Overall coverage of the 250 k data is generally poor (19%). Only in some sea regions like in the North Sea (81%) and the Celtic Sea (79%), the majority of the sea region is covered at this scale. Data at scales of 1:100,000 (100 k) or finer is even rarer. Shallow coastal areas are particularly challenging. They commonly appear as unmapped patches forming what is known as the “white ribbon”. The cost of surveying these areas is high, owing to the transient (e.g., shoals) and irregular (e.g., submerged rocks) nature of bathymetric features [29]. The lack of seabed substrate data for such areas is problematic especially because coastal areas are subject to extensive human activities (e.g., shipping, dredging, dumping, wind farm construction and aquaculture). There is an urgent need to provide high-resolution seabed data from these regions, regardless of anthropogenic pressures. The use of MBES data, especially backscatter, in marine geological mapping has greatly improved the resolution of seabed datasets [14,17]. In shallow coastal regions, it has been supplemented by airborne LiDAR providing high-resolution remote sensing data [29] that can be merged with MBES output.
The 1 M data product covers 65% of the European maritime areas. Data gaps are located mainly in remote areas away from the coast (e.g., the outer boundaries of Macaronesia, Bay of Biscay and Iberian coast, Norwegian Sea and Barents Sea). In order to achieve full coverage at 1 M scale, further seabed mapping surveys are ongoing.

4.3. Visualisation of European Seabed, Differences and Similarities between Sea Basins

Seabed substrate maps provide a means to characterise the abiotic benthic environment. As substrates and their spatial distribution are a result of various abiotic and biotic processes, they also are a surrogate for marine habitats. Factors influencing sediment erosion, transport and accumulation and thus sediment distribution at the seafloor include grain size, current velocity, water depth (e.g., governing wave erosion), underwater topography, bedrock, distance from the coast (and river mouths), water masses, climate (e.g., governing ice cover, river discharge), biological productivity, benthic fauna and dissolution/preservation in the water column/seabed. The occurrence of hard substrates at the seabed, for example, may be indicative of strong currents at/close to the seabed. Soft laminated sediments may reflect a low-energy with potential oxygen deficiency at the bottom. It is important to keep in mind that erosion, transportation and accumulation of the sediments vary spatially and temporally and do not necessarily reflect present seabed processes. Even at a single location, the seabed substrate can be of different type and age, for example old glacial till is partially covered by modern mud. Bedrock outcrops may indicate sediment-starved seabed conditions or strong net erosion. Seabed dynamics leads to additional, temporal variability, especially where the spatial distribution of different substrate types at the seafloor is patchy. In this light, it is no surprise that secondary sediment properties (e.g., admixtures such as geochemical components) are unequally distributed at the seabed, displaying anthropogenic, glacial and other influences.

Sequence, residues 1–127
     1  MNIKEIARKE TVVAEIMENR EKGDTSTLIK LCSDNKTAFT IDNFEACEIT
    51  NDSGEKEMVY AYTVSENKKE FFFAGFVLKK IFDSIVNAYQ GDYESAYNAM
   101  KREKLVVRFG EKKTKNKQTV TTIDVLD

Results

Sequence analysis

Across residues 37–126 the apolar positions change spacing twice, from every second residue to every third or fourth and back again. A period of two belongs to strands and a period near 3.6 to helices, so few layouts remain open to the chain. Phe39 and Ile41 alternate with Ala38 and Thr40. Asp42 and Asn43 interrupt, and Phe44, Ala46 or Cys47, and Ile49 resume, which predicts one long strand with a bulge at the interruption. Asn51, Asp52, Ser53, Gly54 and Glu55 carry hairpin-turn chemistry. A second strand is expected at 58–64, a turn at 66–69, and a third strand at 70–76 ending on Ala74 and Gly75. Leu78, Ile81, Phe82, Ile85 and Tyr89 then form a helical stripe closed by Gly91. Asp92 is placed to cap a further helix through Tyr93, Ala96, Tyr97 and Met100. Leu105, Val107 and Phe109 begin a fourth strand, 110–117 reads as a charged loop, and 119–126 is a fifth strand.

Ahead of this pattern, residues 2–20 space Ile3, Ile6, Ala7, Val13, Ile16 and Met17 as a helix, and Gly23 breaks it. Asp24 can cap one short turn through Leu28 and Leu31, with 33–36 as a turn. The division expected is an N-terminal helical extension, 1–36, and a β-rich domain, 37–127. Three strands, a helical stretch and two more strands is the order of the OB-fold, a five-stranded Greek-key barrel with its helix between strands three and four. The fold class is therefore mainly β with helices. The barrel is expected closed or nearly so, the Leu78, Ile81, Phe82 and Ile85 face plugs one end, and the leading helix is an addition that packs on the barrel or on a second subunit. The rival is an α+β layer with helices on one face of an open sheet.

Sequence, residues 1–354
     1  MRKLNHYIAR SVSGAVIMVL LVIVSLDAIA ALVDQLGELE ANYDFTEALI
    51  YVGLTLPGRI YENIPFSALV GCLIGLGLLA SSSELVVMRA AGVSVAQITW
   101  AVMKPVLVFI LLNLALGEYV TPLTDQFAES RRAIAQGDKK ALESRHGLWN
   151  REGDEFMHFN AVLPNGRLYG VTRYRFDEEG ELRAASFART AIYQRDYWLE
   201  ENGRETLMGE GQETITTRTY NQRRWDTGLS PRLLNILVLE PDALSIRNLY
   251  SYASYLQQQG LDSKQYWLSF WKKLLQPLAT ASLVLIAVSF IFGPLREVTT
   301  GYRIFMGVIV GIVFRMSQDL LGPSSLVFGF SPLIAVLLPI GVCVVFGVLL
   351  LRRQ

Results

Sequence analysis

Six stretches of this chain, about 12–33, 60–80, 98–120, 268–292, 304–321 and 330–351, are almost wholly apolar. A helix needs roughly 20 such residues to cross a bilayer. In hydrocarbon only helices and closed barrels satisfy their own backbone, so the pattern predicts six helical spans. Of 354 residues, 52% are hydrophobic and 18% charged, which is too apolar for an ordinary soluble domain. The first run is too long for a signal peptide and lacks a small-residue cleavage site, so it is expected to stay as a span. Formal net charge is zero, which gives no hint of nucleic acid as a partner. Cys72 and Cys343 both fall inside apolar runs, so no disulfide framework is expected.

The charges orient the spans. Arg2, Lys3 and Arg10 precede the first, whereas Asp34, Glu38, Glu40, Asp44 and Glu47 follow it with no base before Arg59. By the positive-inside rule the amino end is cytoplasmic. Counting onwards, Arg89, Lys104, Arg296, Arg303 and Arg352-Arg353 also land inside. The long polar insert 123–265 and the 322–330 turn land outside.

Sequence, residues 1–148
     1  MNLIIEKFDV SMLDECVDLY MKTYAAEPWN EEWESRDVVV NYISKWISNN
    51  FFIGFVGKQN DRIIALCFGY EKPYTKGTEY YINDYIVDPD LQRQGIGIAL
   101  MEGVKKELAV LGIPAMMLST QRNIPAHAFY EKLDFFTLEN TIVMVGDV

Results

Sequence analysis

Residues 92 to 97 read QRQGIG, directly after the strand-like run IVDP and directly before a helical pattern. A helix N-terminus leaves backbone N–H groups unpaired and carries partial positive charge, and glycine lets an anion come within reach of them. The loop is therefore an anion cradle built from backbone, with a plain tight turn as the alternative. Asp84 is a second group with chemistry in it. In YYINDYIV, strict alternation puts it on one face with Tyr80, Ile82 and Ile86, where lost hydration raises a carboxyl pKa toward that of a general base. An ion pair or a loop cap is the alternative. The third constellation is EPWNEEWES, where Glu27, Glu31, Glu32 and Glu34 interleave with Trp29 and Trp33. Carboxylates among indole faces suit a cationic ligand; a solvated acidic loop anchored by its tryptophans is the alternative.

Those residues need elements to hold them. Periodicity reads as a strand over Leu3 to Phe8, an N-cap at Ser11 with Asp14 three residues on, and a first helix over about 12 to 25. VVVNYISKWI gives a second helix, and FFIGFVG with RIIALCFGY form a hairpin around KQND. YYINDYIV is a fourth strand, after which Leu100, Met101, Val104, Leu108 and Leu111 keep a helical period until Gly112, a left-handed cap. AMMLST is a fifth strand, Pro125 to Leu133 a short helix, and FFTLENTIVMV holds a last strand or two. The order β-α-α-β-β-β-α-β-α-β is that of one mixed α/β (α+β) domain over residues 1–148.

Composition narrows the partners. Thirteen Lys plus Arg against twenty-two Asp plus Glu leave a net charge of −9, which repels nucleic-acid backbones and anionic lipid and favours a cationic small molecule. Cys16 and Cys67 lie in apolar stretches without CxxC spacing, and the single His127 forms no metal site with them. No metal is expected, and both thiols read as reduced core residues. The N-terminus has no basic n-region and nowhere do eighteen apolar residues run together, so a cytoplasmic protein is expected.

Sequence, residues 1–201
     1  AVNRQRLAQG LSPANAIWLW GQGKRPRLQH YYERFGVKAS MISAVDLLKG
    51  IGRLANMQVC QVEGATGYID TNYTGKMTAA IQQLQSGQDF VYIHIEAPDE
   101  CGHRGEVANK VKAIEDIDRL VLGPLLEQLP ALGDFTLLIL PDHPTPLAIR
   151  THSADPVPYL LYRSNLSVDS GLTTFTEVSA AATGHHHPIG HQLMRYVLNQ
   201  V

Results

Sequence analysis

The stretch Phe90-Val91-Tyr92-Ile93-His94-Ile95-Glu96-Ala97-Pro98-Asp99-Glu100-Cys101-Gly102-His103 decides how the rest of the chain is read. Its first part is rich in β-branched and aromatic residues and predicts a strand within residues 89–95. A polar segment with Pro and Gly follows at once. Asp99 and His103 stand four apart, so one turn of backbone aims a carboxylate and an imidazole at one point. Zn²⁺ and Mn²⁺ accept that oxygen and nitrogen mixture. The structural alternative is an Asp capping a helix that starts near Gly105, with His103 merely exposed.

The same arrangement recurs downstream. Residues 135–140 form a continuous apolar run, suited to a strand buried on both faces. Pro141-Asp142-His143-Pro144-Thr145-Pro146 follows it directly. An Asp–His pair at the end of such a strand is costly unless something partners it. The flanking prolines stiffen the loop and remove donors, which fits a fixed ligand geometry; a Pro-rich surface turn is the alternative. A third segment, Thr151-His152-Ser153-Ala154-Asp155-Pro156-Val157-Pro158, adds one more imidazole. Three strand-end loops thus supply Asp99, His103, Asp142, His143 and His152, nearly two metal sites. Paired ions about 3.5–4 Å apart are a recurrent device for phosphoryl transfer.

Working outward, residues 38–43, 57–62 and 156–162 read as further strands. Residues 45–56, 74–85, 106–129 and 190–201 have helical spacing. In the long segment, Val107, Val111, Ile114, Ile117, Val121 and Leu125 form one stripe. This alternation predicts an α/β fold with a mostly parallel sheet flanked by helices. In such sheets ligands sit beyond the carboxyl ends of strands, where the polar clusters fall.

Seabed substrate maps of large sea areas are well-suited to visualising similarities as well as differences between the European sea basins (Figure 6, Figure 7 and Figure 8). Mud to muddy sand is the dominant seabed substrate in the majority of sea basins, especially further from the coast, suggesting accumulation generally in deeper areas under low-energy conditions. In some basins such as the North Sea and the White Sea, sand is the dominant seabed surface substrate. Sand-rich areas are commonly close to a sediment source, such as a large river or a coastline marked by easily erodible sandstone. In formerly glaciated areas, the seabed may be dominated by glacigenic material, such as till and erratics or dropstones. The Baltic Sea is one of the European sea basins that was fully covered by an ice sheet during the last glaciation [30,31]. Here, a mixed substrate is typical. It includes till, and hard glacial clay, commonly with a thin layer of erosional sand on top. The seabed of the Baltic Sea basin is particularly heterogenous, especially in its northern parts [28] As outlined before, the broad scale EMODnet maps do not capture this local and regional seabed geodiversity. It can only be highlighted by detailed geological maps. When information on seabed substrate is analysed in conjunction with bathymetry and associated derivative products, underwater landscapes like drumlins and De Geer moraine fields can be revealed, with their corresponding sediments or rocks.

4.4. Applications

In general, seafloor substrate data can be used to better manage certain anthropogenic activities, such as underwater constructions, sand extraction and aquaculture, to assess habitat suitability, to develop guidelines or frameworks for monitoring environmental impact and to plan future geological surveys [28,32,33,34,35]. Information on seabed substrates is particularly valuable for marine habitat mapping and marine spatial planning, as seen in the application examples below.

4.4.1. Seabed Substrates Characterising Seabed Ecosystems and Habitats